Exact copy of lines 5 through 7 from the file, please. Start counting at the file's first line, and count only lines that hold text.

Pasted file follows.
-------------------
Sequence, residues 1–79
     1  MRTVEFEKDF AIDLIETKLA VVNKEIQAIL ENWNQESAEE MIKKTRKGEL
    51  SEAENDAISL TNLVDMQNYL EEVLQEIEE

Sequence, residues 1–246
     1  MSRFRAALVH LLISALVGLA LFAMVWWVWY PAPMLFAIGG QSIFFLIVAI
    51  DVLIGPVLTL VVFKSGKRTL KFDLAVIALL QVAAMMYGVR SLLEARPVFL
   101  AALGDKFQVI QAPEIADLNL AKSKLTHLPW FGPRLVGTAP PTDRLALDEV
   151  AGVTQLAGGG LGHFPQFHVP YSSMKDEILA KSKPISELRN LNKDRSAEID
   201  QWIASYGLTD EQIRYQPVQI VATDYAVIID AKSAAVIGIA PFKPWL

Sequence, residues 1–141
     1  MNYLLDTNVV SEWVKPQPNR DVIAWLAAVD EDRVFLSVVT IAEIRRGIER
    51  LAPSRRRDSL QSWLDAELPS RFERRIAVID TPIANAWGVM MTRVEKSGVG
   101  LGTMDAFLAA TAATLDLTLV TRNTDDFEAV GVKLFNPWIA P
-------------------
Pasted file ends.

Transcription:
     1  MSRFRAALVH LLISALVGLA LFAMVWWVWY PAPMLFAIGG QSIFFLIVAI
    51  DVLIGPVLTL VVFKSGKRTL KFDLAVIALL QVAAMMYGVR SLLEARPVFL
   101  AALGDKFQVI QAPEIADLNL AKSKLTHLPW FGPRLVGTAP PTDRLALDEV